Council launches to explore paying reparations for slavery in NJ
PERTH AMBOY — New Jersey’s history with slavery and a meaningful path forward was centerstage at a Juneteenth event on Monday.
The New Jersey Reparations Council was launched by the nonprofit New Jersey Institute for Social Justice.
It will carry out a two-year study on how the state can recognize the atrocities suffered by enslaved individuals — many of whom have descendants still able to tell their stories.
“New Jersey’s current racial disparities – some of the worst in the country – are a direct outgrowth of slavery in our state and generations of racist policies that followed,” New Jersey Institute for Social Justice President and CEO Ryan P. Haygood said in a written release ahead of the event.
“We like to think of ourselves in New Jersey as progressive and enlightened. In many ways that is true," he said. "But in other ways, this self-generated narrative has forestalled our reckoning and our acknowledgment that when it comes to racial justice, we have a long way to go.”
The council will seek input from New Jerseyans — and would be divided into nine subject-matter committees, with dozens of experts from around the state and country.
🔲 NJ’s stronghold on slavery, even through the Civil War
Lincoln's 1863 Emancipation Proclamation did not free enslaved African Americans in the Northern states — it freed only those in the southern "rebellious states," according to African American History Program Director Noelle Lorraine Williams, of the New Jersey Historical Commission.
Even two years later, New Jersey failed to ratify the 13th Amendment that abolished slavery and involuntary servitude across the country.
Before that, an act signed in 1804 still required children born to enslaved women in New Jersey to belong to their slaveholders for more than 20 years.
That system allowed slavery to continue through the 1860s in New Jersey, later than any other northern state.
Such slavery continued even amid the tireless work of abolitionists — including Harriet Tubman, who guided fugitive slaves through Newark to freedom as an Underground Railroad conductor.
Read More: Harriet Tubman Museum opens in Cape May
It wasn’t until Jan. 23, 1866, when Gov. Marcus L. Ward signed a state Constitutional Amendment, that slavery was finally ended in New Jersey.
🔲 'Reckon with our past and make for a better future,' Sen. Booker urges
Among guest speakers on Monday were U.S. Sen. Cory Booker, D-N.J., Assemblywoman Shavonda Sumter, D-Passaic, Newark Mayor Ras Baraka and People’s Organization for Progress Chairman Larry Hamm.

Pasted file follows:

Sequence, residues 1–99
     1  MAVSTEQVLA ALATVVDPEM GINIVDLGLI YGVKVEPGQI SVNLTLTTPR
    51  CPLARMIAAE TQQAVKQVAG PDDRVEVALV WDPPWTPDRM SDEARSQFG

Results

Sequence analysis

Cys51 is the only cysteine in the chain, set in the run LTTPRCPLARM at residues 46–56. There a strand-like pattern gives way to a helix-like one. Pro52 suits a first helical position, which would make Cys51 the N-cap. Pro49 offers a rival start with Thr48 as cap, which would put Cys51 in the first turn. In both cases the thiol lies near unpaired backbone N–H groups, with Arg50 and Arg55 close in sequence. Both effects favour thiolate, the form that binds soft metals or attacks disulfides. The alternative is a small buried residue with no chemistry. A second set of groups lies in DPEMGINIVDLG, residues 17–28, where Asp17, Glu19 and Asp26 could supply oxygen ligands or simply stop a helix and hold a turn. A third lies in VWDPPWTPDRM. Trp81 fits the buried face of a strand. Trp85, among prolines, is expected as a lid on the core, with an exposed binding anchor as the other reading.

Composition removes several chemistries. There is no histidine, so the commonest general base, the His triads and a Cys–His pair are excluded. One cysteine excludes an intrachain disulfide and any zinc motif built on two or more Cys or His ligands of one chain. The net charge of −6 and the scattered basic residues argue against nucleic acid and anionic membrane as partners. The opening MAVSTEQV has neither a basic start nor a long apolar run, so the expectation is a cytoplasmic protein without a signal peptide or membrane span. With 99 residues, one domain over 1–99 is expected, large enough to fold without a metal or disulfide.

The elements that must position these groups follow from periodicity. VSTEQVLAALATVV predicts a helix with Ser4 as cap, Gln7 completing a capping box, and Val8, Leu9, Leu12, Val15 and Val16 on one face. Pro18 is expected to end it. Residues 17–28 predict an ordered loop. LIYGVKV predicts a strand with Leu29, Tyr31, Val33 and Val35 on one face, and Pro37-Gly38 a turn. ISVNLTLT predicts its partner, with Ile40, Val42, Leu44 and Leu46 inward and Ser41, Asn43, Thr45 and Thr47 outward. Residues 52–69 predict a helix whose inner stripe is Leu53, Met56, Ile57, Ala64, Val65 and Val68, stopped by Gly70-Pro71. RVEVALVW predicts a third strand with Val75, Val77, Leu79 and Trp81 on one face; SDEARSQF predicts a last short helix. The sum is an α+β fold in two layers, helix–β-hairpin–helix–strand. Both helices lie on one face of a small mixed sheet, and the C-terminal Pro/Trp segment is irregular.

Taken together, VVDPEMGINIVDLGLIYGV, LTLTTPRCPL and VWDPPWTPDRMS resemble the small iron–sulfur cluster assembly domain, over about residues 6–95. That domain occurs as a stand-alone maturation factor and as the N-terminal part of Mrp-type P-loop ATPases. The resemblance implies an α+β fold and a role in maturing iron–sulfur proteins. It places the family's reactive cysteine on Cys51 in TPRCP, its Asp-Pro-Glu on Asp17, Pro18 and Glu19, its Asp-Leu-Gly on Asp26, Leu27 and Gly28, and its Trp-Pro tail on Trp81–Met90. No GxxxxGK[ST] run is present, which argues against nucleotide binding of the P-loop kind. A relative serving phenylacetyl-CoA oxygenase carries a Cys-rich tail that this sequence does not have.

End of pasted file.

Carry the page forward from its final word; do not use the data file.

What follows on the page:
The launch event took place in Perth Amboy, a port city where ships carrying enslaved people from Africa arrived.
“This spot, right here — human beings were sold into torture,” Booker said, standing at a podium on the waterfront.
Booker also urged the state and country to “reckon with our past and make for a better future.”
“We’re at a time now that folk are trying to obscure our past. Folks are banning books; folks are trying to put gag orders on teachers and not allow them to teach the painful, wretched past that we have lived,” he said.
“It cheapens America. It diminishes the greatness of a nation that didn’t just get put down here in some kind of ‘Disneyfied’ fashion: We are a nation that had to overcome hardship and pain, struggle and suffering.”
The New Jersey Reparations Council is the latest step in the Institute’s “Say the Word: Reparations” campaign.
A YouTube video narrated by Baraka gives more details on the roots of slavery in New Jersey, which was known as the slave state of the North.
Even after the end of slavery, New Jersey enacted restrictions that amounted to massive obstacles for Black residents trying to own property, build houses and attend schools.
“Redlining was the systemic practice of banks, finance, and insurance companies intentionally refused Black African Americans mortgages while steering them into segregated industrial neighborhoods,” according to a 2021 piece for the Journal of Social Change.
Another practice — the cottager system — was a situation that "improved on day laboring, but most African Americans cottagers remained landless," according to the anthropology department at Montclair State University.
🔲 Push remains on creating the state's own reparations task force
Sumter, who is the chairwoman of the Legislative Black Caucus, has been prime sponsor of the measure to establish the New Jersey Reparations Task Force (A938/S386) to study and advocate for reparative justice.
She said the urgency of reparations was not just because it is overdue but because descendants were still with us, and urged voters to push the issue when headed to the polls for all state legislators in November.
Haygood said that some legislative leaders — he named Assembly Speaker Craig Coughlin, D-Middlesex — have a negative visceral reaction to the word “reparations,” saying that Coughlin had told him using the word makes people uncomfortable.
“Imagine how uncomfortable it is to be Black in New Jersey,” he countered, referencing the state's ranking among the country's greatest racial disparities.
He said Coughlin was among a number of state legislators who were attending Juneteenth events and speaking of the holiday's importance — all while a measure to begin to study the impact of slavery has remained stalled
Hamm said it was an “abomination” that the bill can’t even get cleared out of committee at the Statehouse.